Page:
Judge Patrick Naugle was relieved to learn that it wasn't just his luck that sucks.
Don't say we didn't warn you.
The tail end of 2004 finally saw the release of Lemony Snicket's A Series of Unfortunate Events, the film based on a series of wildly popular books for young adults…and it wasn't helmed by Chris Columbus! Oops, sorry…I'm thinking of those dang Harry Potter movies. Anyhow, for those who enjoyed Jim Carrey's manic portrayal of Count Olaf—and for those just curious what the fuss is all about—Lemony Snicket's A Series of Unfortunate Events is now available on DVD in a two-disc Special Collector's Edition, courtesy of Paramount Home Entertainment.
Facts of the Case
Pity the poor Baudelaire family. First, Mr. and Mrs. Baudelaire are killed when their home catches fire. Then their three children—whiz kid Violet (Emily Browning), voracious reader Klaus (Liam Aiken), and frequent biter Sunny (Shelby and Kara Hoffman)—are orphaned to their next of kin. Well, actually, he's more like their fourth uncle three times removed…or something like that. Either way, it's plainly obvious that the Baudelaires' series of unfortunate events have led them to the dank, ominous castle of Count Olaf (Jim Carrey, Eternal Sunshine of the Spotless Mind), an actor who appears to have gained his fashion sense and flair from Liberace, except not in a good way. Right off the bat, it's plain to see that Count Olaf has no interest in the children or their well-being, only in the enormous inheritance left to them by their parents.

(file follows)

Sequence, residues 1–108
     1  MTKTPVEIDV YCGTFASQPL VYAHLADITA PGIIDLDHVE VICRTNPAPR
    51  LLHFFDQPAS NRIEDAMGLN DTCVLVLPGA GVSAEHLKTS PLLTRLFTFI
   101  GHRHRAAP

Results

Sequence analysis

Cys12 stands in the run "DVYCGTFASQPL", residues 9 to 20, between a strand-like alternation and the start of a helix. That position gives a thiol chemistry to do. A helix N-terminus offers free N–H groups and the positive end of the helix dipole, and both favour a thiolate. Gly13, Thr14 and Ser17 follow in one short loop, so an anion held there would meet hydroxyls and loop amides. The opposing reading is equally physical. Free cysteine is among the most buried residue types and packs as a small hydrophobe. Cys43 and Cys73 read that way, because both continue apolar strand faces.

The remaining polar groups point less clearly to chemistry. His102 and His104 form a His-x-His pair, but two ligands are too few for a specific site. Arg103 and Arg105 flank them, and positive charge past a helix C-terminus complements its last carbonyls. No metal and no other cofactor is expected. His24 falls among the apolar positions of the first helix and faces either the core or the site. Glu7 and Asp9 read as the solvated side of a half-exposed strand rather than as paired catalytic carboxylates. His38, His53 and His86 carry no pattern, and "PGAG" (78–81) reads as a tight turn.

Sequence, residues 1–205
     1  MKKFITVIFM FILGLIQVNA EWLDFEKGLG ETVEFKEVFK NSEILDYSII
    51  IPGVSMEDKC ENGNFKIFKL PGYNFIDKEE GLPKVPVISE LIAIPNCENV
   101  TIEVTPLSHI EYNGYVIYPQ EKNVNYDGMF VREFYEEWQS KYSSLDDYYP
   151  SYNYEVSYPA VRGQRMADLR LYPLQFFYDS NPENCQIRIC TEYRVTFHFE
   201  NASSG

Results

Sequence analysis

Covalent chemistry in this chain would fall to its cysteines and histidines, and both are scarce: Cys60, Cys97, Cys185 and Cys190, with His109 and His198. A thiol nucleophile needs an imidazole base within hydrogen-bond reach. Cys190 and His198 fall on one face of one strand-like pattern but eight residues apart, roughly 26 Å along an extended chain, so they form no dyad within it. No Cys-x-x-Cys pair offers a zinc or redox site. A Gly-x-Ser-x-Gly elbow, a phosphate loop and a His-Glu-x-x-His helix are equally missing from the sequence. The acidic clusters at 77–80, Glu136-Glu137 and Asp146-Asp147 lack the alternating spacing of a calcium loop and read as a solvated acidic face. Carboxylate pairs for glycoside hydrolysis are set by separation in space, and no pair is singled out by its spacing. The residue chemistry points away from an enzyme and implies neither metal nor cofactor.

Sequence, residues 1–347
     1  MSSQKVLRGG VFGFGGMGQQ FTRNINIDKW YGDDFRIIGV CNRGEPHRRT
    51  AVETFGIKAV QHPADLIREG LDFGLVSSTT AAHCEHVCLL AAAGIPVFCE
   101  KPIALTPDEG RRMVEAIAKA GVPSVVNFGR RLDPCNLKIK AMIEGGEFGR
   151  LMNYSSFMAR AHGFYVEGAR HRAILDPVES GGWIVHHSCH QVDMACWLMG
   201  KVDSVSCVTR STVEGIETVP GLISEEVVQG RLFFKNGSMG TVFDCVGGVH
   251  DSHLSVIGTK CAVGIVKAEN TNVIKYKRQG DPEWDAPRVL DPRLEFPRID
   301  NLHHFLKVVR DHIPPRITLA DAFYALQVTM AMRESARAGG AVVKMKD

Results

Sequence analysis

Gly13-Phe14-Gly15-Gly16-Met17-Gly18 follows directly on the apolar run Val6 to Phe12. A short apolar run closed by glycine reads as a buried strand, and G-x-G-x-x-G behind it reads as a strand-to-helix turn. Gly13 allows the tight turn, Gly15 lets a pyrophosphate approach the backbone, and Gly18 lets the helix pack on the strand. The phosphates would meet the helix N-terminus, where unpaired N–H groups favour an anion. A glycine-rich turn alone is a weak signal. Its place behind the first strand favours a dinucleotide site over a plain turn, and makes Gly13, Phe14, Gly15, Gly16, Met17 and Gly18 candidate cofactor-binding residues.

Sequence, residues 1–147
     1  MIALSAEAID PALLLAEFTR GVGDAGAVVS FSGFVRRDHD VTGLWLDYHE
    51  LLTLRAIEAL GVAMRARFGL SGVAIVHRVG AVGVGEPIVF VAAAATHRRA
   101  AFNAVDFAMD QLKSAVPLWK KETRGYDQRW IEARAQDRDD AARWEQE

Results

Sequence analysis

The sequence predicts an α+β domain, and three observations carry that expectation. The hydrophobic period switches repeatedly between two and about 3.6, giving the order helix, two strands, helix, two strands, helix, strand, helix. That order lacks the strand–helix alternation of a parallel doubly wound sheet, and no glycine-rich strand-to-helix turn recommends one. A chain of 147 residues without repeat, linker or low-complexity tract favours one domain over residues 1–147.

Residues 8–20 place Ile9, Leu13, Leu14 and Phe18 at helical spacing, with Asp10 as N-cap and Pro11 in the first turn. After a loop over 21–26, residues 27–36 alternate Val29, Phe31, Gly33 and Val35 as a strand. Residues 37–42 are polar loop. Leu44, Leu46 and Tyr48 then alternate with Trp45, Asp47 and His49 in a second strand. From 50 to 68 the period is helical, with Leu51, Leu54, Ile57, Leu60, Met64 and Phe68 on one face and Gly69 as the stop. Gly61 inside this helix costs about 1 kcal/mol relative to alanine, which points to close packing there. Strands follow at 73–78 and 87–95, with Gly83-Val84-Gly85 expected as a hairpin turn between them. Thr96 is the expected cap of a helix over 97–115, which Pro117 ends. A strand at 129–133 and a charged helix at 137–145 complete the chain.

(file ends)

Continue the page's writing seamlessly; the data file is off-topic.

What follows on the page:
When the children are able to squeeze their way out of Olaf's grip and into the arms of other equally freakish family members (including an aunt who's petrified of everything, and an uncle who lives with snakes and three-eyed toads), Count Olaf is hot on their heels in his quest to gain their fortunes. Now it's up to the three clever children to figure out the mystery of their parents' deaths, and fend off a villain who may be more than just a master of intricate disguises.
Finally! A black comedy for children! In what may be a first, director Brad Silberling (Moonlight Mile) has crafted Bad Santa for the 13-and-under crowd. Of course, Lemony Snicket's A Series of Unfortunate Events is not nearly as vulgar or despicable as the aforementioned film, but it does share Bad Santa's dark spirit, with only a few rays of sunshine poking through the looming despair that hangs over the picture like a chloroform cloth coming in for the kill. Lemony Snicket revels in death, murder, evil, deception, and greed. That it makes its main villain, Count Olaf, into a comedic tour-de-force tells you something about what kind of movie the filmmakers were attempting to produce.
Lemony Snicket's (actually, writer Daniel Handler's) book series—aptly titled A Series of Unfortunate Events—has become an enormous hit with both children and adults alike. Because I am only at a second grade reading level (yet I can write so well…the irony is staggering), I have yet to sit down and read a single one of Snicket's books. Without any background knowledge, I was able to watch Lemony Snicket's A Series of Unfortunate Events with an open mind and clean slate. Alas, while the film has good qualities, its broodingly sinister humor overshadows what could have been something truly special.